As cyclones and droughts hit Africa, it’s time to demand climate justice


Today, thousands of Africans are hitting the streets in towns and villages across the continent to demand climate justice and the end of fossil fuels investments, which are causing a climate crisis on a planetary scale. Organized under the slogan #AfrikaVuka (Vuka means “to awaken” in isiZulu), this regional day of action coincides with the celebration of African Day on May 25, a symbol of the aspiration of Africans to self-determination and the fight against the looting of natural resources.

Throughout Africa the fossil fuels business, particularly coal, continues to grow at an impressive rate. New coal-fired plants are being projected from South Africa to Senegal, from Kenya to Mozambique, via the DRC and Ivory Coast. In recent years, Chinese banks have become the last resort for African coal projects when other financial institutions refuse to finance these dirty fuels, the main source of carbon emissions. South Africa, Zimbabwe, Malawi, Ghana, Kenya and Madagascar are among the countries where Chinese investments in coal projects are envisaged in the coming years.

Deadly cyclones after a year of drought and water stress

In the space of two months, two powerful cyclones shook southern and eastern Africa. Cyclone Idai alone has taken the lives of more than 1000 people, with dozens of others still missing. The United Nations estimated that Idai and subsequent flooding caused damage worth more than $1 billion in infrastructure only. More than 100,000 homes have been damaged, with at least 1 million hectares of crops smashed. The city of Beira in Mozambique is by far the most affected, having been destroyed at 80%.

Extreme weather events like Cyclone Idai and Cyclone Kenneth have been particularly devastating on the African continent where the means of prevention and adaptation are weak and the response capacity rather limited. Such tropical cyclones could become more frequent and deadly as a result of climate change in countries that are historically the least responsible for global warming.

As the continent most affected by climate change, African countries must have a strong interest in limiting the temperature below 1.5° C as prescribed by the Intergovernmental Panel on Climate Change last October. For millions of Africans, it is a question of survival as the impacts of global warming hit them hard. For countries in sub-Saharan Africa that have experienced more frequent and intense climatic extremes over the past 10 years, a global warming scenario above 1.5° C would be particularly dramatic. South Africa, the biggest continental emitter of greenhouse gases, recently faced one of its most severe drought and water crises to date, in Cape Town, pushing the government to declare the water crisis a national disaster.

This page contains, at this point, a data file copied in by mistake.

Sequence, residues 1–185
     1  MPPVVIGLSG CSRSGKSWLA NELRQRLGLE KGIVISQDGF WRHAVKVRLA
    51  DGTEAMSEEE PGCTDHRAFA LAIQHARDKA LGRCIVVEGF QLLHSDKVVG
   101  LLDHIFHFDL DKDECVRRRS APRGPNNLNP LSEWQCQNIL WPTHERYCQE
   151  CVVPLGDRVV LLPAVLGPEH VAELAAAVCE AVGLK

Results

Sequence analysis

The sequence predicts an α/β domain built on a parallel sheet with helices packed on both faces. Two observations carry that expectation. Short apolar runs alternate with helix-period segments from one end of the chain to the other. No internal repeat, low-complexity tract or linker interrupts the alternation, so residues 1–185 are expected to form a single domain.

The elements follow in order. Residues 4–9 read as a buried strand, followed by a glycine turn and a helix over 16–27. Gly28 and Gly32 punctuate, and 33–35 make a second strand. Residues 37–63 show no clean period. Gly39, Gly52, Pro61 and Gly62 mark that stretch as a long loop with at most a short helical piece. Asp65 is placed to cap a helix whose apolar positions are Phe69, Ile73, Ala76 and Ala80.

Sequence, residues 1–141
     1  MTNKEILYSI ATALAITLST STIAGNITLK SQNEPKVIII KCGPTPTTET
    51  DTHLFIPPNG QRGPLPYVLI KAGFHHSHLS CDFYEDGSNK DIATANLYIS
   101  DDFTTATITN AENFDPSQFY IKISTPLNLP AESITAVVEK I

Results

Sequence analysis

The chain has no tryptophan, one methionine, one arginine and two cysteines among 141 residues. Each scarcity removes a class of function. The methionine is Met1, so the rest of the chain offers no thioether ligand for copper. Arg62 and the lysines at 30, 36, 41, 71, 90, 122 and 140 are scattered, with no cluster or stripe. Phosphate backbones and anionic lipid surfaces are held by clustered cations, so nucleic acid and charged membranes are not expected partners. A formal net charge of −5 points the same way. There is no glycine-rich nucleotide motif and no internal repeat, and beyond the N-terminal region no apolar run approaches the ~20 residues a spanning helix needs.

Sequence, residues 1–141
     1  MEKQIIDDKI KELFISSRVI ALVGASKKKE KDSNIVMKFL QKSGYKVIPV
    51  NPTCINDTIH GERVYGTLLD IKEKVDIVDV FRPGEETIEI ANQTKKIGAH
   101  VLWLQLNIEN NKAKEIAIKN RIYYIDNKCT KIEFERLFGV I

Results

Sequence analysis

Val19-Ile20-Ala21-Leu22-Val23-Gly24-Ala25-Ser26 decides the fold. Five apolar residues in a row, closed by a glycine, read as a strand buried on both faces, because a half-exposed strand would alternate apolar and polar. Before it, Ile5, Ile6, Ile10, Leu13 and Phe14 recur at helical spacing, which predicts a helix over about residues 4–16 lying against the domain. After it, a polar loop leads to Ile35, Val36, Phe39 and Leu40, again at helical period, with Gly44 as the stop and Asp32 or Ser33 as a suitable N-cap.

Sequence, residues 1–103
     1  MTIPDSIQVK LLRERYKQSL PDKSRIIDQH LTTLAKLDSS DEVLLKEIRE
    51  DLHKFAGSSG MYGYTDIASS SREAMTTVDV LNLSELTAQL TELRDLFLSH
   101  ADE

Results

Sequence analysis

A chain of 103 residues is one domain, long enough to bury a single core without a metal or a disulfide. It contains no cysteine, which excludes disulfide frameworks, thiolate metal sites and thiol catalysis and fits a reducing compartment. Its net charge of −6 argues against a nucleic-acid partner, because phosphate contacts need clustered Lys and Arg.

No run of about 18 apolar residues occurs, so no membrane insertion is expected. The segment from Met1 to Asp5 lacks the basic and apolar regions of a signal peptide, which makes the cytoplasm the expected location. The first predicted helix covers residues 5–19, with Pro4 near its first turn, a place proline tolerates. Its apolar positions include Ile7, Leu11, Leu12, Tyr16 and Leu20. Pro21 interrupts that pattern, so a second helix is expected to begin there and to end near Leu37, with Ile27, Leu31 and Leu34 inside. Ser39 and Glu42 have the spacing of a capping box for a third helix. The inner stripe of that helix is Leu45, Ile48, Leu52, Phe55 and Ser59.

Africa is today at a crossroad, faced with a crucial choice: following an outdated and dangerous energy model that could dramatically increase its climate vulnerability, or turning resolutely towards a 100% renewable economy. A rapid transition without coal is technically and economically feasible. However, it will require strong political leadership, an immediate halt to proposed coal-fired power plants, clear plans to phase out existing power plants, in addition to a rapid and unprecedented roll-out of efficiency measures in the sectors of energy, agriculture, industry and transport.

Refusing to cross arms and helplessly see these natural disasters without taking action, African civil society is organizing and resisting. In Kenya, popular resistance has delayed the construction of the Lamu coal-fired power plant since 2014. Same story in Bargny in Senegal and San Pedro in Cote D’Ivoire, where the popular pressure and the opposition against the proposed coal-fired power plants are growing on a daily basis. In South Africa, banks that finance coal projects are under fire from critics to change their energy investment choices.

Young people are stepping up as leaders in the fight against climate change. Since the beginning of this year, there has been an increased number of mobilisations in high schools, campuses and public places, youth refusing to be condemned to a polluted future by greenhouse gas emissions that only benefit a handful of immoral investors and leaders. In Abuja, Nigeria, some 20 secondary schools will march to parliament, asking MPs to finally pass the climate bill and put the country on the path to climate justice.

Beyond requiring national leaders and financial institutions to engage more concretely in the fight for climate justice based on renewable energies, African civil society and environmental activists are sending a strong message that Africa is not for sale.

Landry Ninteretse is the Regional Team Leader for

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Landry Ninteretse
Landry Ninteretse
Free lance journalist, Peacebuilder, Climate change activist at 350 Africa.

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